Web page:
Just when you thought it was safe to jump into your time machine, travel back 20 million years and go for a swim, researchers have discovered about a dozen 20-million-year-old fossilized teeth of a newly identified extinct shark that was a close cousin of Megalodon, the super-predator megatoothed shark that some estimate reached a length of 18 meters (59 ft) during its reign of underwater terror. Was Megalolamna paradoxodon another big-toothed terror? And what’s with the paradoxical name?
According to a new study in Historical Biology, 1.8-inch-long (4.5 cm) teeth were found in Peru, Japan and California and North Carolina in the U.S. The teeth matched each other but no other known shark species of the early Miocene epoch. They had some qualities of the megalodon family (Otodontidae) and some qualities (their big size) of the Lamna family of mackerel sharks which includes salmon sharks, mako sharks and the great white shark. As a result, Kenshu Shimada, a paleobiologist at DePaul University and author of the study, decided it was a new genus, Megalolamna.
The species name “paradoxodon” (meaning paradoxical teeth) comes from the fact that the shark appeared suddenly and there’s no indication when it split from the Otodus family of sharks with otodus (Greek for ear-shaped) teeth. Shimada says this also indicates that the megalodons (Carcharocles megalodon) properly belong in the Otodus group and as a result are not the direct ancestor of the great white shark (Carcharodon carcharias).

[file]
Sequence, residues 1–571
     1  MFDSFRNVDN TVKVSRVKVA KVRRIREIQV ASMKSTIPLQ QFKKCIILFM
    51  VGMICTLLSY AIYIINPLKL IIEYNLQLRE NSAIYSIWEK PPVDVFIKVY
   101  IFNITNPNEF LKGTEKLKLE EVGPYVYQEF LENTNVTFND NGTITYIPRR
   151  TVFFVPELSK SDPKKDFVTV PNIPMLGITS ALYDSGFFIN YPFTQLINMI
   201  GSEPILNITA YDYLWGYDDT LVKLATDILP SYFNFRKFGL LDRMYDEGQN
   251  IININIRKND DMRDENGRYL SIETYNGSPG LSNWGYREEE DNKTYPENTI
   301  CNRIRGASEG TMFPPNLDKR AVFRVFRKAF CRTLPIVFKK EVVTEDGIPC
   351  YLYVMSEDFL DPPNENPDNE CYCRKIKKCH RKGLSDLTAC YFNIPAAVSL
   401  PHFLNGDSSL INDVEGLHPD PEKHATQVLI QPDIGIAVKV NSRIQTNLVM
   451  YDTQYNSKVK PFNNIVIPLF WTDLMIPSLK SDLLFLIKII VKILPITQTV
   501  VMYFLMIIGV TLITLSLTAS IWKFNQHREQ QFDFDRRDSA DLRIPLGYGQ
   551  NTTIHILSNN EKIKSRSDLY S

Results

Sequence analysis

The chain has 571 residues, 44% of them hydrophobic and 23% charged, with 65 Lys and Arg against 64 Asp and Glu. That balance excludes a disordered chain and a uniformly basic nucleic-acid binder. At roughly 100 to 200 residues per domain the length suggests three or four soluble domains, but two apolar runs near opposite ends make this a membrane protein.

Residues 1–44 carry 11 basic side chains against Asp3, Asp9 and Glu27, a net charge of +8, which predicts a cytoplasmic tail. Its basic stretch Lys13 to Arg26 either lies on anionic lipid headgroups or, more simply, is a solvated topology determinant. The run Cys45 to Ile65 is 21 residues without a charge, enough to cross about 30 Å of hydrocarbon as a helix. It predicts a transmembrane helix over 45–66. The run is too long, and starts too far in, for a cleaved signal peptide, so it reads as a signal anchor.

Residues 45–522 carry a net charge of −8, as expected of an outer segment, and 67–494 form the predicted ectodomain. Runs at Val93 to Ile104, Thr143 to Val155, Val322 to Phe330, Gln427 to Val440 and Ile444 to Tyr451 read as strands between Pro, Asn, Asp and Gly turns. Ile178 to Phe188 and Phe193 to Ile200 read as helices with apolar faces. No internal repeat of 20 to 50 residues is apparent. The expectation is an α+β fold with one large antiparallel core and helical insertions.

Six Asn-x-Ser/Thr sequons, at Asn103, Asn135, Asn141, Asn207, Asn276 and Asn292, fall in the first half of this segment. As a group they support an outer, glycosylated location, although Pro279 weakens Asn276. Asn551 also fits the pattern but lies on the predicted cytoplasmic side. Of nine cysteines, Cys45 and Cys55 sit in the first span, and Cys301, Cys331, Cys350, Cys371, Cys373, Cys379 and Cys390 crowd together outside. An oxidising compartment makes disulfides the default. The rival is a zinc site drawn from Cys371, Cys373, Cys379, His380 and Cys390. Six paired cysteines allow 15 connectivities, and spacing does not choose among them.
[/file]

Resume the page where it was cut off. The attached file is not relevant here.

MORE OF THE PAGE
Confused? Let’s get back to the Megalolamna paradoxodon. While a cousin of the megalodon, Megalolamna was relatively smaller, reaching a maximum length of around 10 meters (33 ft). That’s not quite a bus but still bigger than today’s great whites at 4 meters (13 ft). They had grasping-type front teeth and cutting-type rear teeth to eat medium-sized fish.
While it seems to have reached extinction relatively quickly, Megalolamna paradoxodon still covered a lot of territory, most likely due to its size and lack of predators – Shimada doesn’t believe that megalodons ate megalolamnas. The extinction of both species was probably due to a combination of global cooling, declining fish supplies and the emergence of predators such as killer whales.
Fortunately, we still have great whites … for now.